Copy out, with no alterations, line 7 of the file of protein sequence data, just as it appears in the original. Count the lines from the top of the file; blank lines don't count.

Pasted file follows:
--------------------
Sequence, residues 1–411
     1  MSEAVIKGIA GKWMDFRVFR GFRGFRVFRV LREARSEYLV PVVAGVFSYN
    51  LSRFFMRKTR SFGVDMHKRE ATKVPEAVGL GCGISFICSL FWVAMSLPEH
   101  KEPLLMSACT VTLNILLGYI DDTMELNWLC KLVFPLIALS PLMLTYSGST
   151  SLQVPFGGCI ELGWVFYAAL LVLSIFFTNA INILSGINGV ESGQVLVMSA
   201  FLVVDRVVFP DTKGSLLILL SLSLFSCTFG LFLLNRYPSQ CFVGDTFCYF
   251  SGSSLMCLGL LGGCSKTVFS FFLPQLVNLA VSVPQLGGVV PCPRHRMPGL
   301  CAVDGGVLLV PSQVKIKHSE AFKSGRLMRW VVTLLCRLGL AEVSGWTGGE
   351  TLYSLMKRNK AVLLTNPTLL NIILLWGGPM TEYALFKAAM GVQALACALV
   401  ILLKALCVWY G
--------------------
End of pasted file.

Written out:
   251  SGSSLMCLGL LGGCSKTVFS FFLPQLVNLA VSVPQLGGVV PCPRHRMPGL